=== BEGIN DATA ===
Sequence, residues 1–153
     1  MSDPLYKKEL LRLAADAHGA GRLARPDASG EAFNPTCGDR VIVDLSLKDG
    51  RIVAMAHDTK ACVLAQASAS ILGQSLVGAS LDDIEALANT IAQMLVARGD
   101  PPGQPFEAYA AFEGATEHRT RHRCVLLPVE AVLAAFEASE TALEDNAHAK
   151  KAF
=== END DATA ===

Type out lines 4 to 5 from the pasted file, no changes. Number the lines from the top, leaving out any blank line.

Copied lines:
   101  PPGQPFEAYA AFEGATEHRT RHRCVLLPVE AVLAAFEASE TALEDNAHAK
   151  KAF